Independent impacts of age and hearing loss on spatial release in a complex auditory environment

Frederick J. Gallun, Anna C. Diedesch, Sean D. Kampel, Kasey M. Jakien

Research output: Contribution to journalArticlepeer-review

86 Scopus citations


Listeners in complex auditory environments can benefit from the ability to use a variety of spatial and spectrotemporal cues for sound source segregation. Probing these abilities is an essential part of gaining a more complete understanding of why listeners differ in navigating the auditory environment. Two fundamental processes that can impact the auditory systems of individual listeners are aging and hearing loss. One difficulty with uncovering the independent effects of age and hearing loss on spatial release is the commonly observed phenomenon of age-related hearing loss. In order to reveal the effects of aging on spatial hearing, it is essential to develop testing methods that reduce the influence of hearing loss on the outcomes. The statistical power needed for such testing generally requires a larger number of participants than can easily be tested using traditional behavioral methods. This work describes the development and validation of a rapid method by which listeners can be categorized in terms of their ability to use spatial and spectrotemporal cues to separate competing speech streams. Results show that when age and audibility are not covarying, age alone can be shown to substantially reduce spatial release from masking. These data support the hypothesis that aging, independent of an individual's hearing threshold, can result in changes in the cortical and/or subcortical structures essential for spatial hearing.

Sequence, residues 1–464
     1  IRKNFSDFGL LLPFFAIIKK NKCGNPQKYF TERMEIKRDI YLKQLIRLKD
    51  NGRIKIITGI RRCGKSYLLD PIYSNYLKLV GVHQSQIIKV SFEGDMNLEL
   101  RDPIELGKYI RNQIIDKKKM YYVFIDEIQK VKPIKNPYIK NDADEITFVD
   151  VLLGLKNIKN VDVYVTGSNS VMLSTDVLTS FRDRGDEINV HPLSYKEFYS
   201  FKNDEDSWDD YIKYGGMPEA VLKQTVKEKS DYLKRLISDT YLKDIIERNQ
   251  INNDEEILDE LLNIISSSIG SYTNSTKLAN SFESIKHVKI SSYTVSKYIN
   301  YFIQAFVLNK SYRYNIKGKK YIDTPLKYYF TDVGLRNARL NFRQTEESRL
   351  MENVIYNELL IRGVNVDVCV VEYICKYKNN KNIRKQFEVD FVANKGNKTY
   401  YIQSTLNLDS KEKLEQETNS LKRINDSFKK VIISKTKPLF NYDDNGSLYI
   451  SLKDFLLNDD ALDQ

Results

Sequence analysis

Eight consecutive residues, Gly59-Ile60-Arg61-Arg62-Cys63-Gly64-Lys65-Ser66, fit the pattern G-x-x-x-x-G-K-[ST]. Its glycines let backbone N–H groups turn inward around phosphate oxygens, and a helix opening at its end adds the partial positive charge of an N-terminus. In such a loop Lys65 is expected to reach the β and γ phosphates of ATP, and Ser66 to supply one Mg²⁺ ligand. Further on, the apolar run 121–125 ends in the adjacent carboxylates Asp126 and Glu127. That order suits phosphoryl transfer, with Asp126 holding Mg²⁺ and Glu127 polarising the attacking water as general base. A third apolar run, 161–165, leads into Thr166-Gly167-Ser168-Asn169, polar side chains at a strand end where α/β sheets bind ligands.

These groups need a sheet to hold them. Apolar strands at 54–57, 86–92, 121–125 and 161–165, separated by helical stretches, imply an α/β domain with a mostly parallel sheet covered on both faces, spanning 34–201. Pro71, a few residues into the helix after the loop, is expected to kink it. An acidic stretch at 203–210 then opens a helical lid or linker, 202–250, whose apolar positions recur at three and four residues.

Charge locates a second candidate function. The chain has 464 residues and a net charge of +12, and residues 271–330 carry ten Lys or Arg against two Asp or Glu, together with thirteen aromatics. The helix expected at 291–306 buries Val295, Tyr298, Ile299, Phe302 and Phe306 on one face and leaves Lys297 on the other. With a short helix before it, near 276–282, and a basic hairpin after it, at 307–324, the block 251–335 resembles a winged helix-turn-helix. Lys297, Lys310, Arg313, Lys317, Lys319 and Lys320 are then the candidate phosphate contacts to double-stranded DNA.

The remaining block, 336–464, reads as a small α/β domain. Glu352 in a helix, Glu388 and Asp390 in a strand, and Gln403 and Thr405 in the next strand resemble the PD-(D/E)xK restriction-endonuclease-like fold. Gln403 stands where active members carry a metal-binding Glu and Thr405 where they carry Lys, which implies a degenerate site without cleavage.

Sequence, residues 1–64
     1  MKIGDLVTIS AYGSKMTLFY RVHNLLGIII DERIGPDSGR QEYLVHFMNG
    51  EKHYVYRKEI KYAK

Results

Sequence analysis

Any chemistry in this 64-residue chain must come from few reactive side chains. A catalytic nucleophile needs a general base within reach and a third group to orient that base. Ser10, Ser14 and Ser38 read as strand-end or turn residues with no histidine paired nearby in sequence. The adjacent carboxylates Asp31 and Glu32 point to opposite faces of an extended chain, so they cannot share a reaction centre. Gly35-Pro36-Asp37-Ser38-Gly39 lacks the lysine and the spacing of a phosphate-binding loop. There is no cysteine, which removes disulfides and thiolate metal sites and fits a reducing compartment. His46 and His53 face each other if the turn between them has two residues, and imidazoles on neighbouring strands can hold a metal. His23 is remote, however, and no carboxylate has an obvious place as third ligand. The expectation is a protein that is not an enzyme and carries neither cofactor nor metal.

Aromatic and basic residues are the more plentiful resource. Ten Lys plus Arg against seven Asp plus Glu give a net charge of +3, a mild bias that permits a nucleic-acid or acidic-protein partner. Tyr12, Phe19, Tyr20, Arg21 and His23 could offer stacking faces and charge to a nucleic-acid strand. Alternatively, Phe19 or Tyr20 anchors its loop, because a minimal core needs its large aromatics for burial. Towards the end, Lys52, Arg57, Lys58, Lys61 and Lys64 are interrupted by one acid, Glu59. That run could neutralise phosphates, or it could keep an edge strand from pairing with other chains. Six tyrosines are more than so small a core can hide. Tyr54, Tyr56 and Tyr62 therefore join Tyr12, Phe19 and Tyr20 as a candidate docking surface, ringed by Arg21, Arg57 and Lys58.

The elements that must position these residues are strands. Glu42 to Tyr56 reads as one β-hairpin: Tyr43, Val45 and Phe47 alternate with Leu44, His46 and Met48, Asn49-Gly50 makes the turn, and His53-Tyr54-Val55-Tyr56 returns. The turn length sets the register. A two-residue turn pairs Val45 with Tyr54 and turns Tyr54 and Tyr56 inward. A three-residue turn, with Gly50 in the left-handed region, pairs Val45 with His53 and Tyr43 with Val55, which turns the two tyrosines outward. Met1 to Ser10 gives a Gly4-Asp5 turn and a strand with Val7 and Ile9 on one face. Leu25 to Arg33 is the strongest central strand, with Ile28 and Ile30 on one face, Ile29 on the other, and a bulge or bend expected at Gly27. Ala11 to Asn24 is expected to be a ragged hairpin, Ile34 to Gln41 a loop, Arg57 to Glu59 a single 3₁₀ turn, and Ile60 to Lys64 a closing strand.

Original languageEnglish (US)
Article number252
JournalFrontiers in Neuroscience
Issue number7 DEC
StatePublished - 2013


  • Aging
  • Hearing loss
  • Spatial release
  • Virtual spatial array

ASJC Scopus subject areas

  • Neuroscience(all)


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